Karen Frank: Jerry [NFL Hall of Famer] actually drove to the set completely by himself, he got out of the car shook everybody’s hands was really happy to be there. We were at this really amazing location in Palo Alto—it was an artist residency and they have 600 acres overlooking the ocean and these rolling hills. We found this one area that we got them to mow for us, so it looked kind of like a football field, but it was a little bit rutted, there was some unevenness to the ground and we were concerned about him because we were going to be asking him to run on it. We walked him out there and said you know this is what we like to do, but please let us know, it’s a little rutted out here. He’s like ‘forget about that—I grew up in Mississippi I know what this is all about.’ He was just perfectly game for it and we had a lot of fun.
Pop Photo: How do you think the concept of The Body Issue has changed over the last decade?
Karen Frank: When it started out it was something that was brand new territory. No one really knew what it was going to be or how people were going to receive it. The mere act of getting an athlete to do it was a big deal. In the beginning I think there were a lot more images that were made in the studio with very statuesque kind of poses. We have tried to make it a much more active portfolio and also to really work with the personalities of the athletes. We try to bring some fun and lightheartedness and artistry to it. We try to travel to unexpected locations that will give us environment to play with.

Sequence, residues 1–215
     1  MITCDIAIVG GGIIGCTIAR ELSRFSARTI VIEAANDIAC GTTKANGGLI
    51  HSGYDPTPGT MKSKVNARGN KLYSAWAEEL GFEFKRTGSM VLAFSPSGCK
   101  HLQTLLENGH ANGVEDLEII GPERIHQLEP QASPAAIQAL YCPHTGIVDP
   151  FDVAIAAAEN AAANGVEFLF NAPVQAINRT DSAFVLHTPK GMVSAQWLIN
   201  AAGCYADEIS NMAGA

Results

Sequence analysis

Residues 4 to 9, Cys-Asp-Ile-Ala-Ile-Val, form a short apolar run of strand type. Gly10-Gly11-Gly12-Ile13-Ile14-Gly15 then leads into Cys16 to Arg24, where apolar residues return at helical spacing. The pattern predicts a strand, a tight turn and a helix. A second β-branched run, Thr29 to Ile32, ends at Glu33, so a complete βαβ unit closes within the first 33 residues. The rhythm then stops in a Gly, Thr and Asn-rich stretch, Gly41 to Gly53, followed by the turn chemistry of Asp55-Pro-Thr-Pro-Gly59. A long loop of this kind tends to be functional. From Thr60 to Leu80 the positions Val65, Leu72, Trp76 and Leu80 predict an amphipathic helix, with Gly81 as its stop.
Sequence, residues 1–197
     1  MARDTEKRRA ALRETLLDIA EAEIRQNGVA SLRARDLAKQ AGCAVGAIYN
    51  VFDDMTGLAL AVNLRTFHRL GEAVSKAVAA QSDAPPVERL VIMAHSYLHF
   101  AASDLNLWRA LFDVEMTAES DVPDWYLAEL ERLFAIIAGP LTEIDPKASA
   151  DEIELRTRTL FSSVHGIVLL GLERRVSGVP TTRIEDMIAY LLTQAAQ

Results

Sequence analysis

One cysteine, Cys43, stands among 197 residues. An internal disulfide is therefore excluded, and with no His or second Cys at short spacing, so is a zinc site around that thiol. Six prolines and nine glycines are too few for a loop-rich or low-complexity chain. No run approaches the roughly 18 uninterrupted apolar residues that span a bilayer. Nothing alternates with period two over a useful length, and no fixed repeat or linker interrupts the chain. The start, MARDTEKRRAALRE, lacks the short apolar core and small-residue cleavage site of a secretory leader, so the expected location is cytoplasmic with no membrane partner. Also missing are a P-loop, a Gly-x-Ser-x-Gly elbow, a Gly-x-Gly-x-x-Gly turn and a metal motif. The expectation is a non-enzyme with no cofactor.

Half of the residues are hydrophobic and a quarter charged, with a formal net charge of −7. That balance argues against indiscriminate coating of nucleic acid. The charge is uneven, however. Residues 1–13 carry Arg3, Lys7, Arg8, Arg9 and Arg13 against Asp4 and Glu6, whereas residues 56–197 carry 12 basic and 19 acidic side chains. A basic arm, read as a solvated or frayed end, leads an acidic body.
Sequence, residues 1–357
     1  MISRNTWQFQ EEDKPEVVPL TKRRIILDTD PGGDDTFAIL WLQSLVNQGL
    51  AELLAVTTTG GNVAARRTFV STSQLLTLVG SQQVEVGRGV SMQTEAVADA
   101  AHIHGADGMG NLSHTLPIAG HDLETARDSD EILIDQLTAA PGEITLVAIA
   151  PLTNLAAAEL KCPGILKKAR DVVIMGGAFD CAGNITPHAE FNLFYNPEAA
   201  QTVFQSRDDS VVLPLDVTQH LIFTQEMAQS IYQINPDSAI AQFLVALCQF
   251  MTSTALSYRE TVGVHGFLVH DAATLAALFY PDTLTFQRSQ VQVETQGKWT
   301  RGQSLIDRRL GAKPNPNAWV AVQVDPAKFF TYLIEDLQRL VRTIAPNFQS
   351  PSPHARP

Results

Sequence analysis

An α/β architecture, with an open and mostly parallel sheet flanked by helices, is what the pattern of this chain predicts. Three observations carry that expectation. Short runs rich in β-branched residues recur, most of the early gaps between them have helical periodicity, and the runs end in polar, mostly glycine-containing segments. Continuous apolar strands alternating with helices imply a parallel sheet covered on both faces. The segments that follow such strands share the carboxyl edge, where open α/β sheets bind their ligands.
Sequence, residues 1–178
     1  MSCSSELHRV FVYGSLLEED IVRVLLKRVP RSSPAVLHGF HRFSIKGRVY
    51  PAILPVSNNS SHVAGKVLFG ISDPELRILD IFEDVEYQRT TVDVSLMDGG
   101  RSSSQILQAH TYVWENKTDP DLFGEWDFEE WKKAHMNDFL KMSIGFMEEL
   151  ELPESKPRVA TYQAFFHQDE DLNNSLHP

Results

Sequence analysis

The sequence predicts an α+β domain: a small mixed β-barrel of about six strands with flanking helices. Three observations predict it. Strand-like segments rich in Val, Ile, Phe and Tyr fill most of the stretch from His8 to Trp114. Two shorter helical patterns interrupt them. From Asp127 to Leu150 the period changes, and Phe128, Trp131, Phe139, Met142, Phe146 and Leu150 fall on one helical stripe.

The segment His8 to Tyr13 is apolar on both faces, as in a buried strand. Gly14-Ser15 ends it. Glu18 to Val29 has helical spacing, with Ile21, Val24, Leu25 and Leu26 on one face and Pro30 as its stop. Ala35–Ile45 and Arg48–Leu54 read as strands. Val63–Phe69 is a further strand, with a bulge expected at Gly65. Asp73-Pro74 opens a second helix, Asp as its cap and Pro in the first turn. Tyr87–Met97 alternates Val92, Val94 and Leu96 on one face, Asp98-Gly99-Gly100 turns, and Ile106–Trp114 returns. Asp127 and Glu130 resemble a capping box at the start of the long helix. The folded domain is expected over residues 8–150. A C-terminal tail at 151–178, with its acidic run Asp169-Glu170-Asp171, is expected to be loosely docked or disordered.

Pop Photo: How has the process of approaching subjects changed over the years?
Karen Frank: I think people are much more open to it now because they know it. They see what we’ve done and they understand what we’re going for. There is nothing kinky or weird about it. It’s simply about celebrating the athletic form. The woman who actually makes most of the calls to the athletes says the day after the issue comes out is her biggest recruiting day of the year. All of a sudden she will get calls from people who want to do it the following year. People approach us. We approach people. We have a pretty high success rate now of getting the people that we want. There are still people who, for whatever reason, aren’t comfortable or don’t feel ready to do it yet. Hopefully we get them later down the line.
Pop Photo: The idea of what makes a body attractive has changed pretty drastically in the last decade. Do you think that the Body Issue has contributed to the body positivity movements?
Karen Frank: I do. I think we have made it a goal to include athletes of all shapes and sizes for that very reason—to show that they may not be what the rest of the world considers an ideal physical body, but their bodies are strong and powerful for perfect for the sport they play and have helped achieve incredible success. These are all elite athletes and their bodies are what have gotten them there.